How to Clean Iron Stained Quartz Crystals

There is a simple method for cleaning iron from quartz crystals. Learn what solution I soak my crystals in to get them sparkling clean.

There is a simple method for cleaning iron from quartz crystals. Learn what solution I soak my crystals in to get them sparkling clean.

My girls have the crystal collecting bug just as much as I do. And we love digging crystals too, so we like to go as a family. It’s a ton of fun!

If you’ve ever dug your own quartz crystals, then you probably noticed that they’re often covered by rusty red iron deposits. It makes the clear quartz you just dug out of the ground look like dirt compared to store bought (and professionally cleaned) crystals.

Here’s a side by side comparison of crystals we dug next to some that I already owned. Pretty dramatic, huh?

Iron coated quartz crystals next to clean clear quartz

We have so many crystals that we’ve dug up that would be so beautiful if only it weren’t for the rusty iron coating on them. The girls love making jewelry and other crafts from the crystals we find too.

So I started to do some research on how to clean rust from quartz crystals and quickly found there are several methods for doing it. Since this would be my first time cleaning crystals, I wanted something simple.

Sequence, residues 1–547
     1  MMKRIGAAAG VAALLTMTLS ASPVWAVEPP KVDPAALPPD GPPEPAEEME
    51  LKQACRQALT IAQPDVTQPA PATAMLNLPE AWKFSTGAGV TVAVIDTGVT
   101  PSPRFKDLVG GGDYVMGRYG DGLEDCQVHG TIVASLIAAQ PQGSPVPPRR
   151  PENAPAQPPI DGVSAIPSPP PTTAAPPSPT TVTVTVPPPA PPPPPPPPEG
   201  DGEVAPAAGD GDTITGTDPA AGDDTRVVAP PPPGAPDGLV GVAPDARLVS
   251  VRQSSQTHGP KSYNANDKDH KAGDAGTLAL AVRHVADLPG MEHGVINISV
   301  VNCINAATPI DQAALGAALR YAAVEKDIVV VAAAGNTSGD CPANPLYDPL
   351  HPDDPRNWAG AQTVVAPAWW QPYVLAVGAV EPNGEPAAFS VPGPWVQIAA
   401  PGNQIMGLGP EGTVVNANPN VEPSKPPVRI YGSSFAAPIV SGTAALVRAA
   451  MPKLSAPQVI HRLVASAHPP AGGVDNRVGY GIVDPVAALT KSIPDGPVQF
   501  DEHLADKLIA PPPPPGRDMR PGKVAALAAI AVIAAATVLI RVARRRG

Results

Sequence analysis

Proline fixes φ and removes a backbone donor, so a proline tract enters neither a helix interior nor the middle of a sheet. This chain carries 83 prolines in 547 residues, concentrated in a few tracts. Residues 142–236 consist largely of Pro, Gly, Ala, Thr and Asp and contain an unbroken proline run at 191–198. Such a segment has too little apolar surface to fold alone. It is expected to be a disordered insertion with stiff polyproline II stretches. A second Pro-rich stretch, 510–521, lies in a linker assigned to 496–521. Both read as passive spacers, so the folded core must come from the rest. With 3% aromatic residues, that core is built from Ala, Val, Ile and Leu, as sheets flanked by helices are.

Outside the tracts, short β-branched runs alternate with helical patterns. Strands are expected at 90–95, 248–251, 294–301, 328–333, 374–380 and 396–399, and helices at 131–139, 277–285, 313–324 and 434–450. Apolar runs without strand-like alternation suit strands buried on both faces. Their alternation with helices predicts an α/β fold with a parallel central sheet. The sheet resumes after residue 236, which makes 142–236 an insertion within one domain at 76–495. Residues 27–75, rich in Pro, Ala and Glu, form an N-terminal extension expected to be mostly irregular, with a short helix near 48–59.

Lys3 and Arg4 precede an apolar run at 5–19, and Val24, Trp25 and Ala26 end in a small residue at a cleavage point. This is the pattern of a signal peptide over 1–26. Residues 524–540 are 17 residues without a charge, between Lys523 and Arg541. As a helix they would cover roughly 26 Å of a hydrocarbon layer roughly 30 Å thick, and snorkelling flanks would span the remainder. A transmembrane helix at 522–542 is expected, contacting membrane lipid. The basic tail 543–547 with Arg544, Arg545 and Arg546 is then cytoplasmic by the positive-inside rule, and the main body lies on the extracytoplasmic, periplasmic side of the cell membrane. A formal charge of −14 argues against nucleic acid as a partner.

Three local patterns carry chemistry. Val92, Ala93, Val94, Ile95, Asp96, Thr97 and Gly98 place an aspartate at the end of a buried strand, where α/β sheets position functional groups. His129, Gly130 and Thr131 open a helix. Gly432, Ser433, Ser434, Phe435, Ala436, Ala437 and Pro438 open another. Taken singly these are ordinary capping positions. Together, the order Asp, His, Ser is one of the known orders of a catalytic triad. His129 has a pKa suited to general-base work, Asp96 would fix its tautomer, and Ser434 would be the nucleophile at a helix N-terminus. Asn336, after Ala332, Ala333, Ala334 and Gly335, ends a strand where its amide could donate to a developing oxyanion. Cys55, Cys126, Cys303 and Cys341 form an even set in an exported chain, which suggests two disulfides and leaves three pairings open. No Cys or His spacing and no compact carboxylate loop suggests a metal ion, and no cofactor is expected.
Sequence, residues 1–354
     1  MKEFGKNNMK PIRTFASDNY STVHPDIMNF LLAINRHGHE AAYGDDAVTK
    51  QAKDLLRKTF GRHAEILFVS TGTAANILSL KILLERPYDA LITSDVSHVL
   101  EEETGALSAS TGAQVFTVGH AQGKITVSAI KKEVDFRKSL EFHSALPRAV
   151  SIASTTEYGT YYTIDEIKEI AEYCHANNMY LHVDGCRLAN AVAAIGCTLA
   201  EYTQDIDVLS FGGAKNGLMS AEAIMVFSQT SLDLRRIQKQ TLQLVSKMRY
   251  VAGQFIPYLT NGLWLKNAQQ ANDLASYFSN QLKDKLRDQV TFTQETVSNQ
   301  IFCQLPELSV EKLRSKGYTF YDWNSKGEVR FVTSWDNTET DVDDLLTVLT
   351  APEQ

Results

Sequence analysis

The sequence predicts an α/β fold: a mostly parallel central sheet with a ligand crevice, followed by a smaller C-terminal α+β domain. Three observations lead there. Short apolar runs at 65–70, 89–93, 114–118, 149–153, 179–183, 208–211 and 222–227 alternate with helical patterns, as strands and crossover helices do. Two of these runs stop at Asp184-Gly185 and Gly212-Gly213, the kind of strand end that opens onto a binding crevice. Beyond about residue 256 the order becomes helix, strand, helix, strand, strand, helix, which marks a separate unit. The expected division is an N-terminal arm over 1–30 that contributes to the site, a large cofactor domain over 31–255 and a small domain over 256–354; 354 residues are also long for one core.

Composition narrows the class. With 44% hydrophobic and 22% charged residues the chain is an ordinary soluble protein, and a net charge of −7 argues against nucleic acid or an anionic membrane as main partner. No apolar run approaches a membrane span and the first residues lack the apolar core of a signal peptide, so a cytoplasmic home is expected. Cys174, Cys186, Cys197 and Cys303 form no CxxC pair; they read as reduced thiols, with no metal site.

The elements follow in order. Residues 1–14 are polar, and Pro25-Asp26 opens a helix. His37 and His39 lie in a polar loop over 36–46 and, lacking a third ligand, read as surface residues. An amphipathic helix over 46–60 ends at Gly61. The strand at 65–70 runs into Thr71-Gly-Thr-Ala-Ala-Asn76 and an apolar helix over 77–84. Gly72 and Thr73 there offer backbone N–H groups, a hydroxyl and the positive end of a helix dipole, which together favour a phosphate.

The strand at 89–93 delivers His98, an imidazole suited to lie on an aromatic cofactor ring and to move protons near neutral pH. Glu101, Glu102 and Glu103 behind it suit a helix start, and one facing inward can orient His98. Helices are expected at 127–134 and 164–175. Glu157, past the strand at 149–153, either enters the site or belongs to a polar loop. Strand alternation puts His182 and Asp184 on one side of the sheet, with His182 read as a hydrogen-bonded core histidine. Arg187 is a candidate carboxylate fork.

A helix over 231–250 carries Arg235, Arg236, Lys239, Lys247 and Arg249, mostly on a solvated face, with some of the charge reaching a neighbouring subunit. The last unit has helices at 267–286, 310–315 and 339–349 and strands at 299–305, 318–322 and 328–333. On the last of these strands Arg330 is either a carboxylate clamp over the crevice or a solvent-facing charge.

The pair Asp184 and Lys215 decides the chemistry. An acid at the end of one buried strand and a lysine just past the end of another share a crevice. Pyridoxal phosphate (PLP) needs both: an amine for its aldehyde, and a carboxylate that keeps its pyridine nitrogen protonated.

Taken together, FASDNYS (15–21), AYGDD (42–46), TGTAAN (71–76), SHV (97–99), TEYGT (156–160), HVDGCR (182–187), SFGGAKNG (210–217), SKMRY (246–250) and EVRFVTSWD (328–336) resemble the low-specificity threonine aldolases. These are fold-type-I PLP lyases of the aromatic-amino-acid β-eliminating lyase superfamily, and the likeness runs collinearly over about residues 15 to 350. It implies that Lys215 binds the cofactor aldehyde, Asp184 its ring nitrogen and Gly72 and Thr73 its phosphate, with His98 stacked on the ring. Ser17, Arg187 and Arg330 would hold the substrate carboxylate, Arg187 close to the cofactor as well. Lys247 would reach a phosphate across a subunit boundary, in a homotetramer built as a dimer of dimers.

So I decided to order a couple of bottles of Iron Out from Amazon to try. Soaking crystals in it seemed like the easiest method. Many of the methods require you to neutralize the solution before dumping it down the drain, but Iron Out is designed to be used in places like showers, so it seemed like a safer choice.

Iron Out bottle next to iron coated quartz crystals

What you need to do to clean the iron from your quartz crystals is to place them into a jar and then cover them with the Iron Out solution. I used the gel version, but there is also a powdered version that I may get next time since we’ll be doing this often.

Be sure to wear gloves. And do not make the mistake I did in using a butter knife to move the crystals around in the solution. It will ruin the knife! A craft stick would make a much better choice.

Allow the crystals to sit in the solution for several hours to a few days.

Quartz crystals soaking in Iron Out in a mason jar.

Then rinse the crystals in warm water. You can use a firm toothbrush to scrub in any crevices to get any additional iron debris out. Then lay them out to dry.

Cleaned quartz crystals

Some crystals will have iron deposits in them too deep to get out with this process, but I feel that makes each crystal unique. This is one of my favorite crystals that I’ve cleaned so far!

Favorite quartz crystal from crystal mountain

If you have any quartz crystals covered in rusty iron deposits, you can purchase Iron Out here to clean them up safely and easily!

14 thoughts on “How to Clean Iron Stained Quartz Crystals”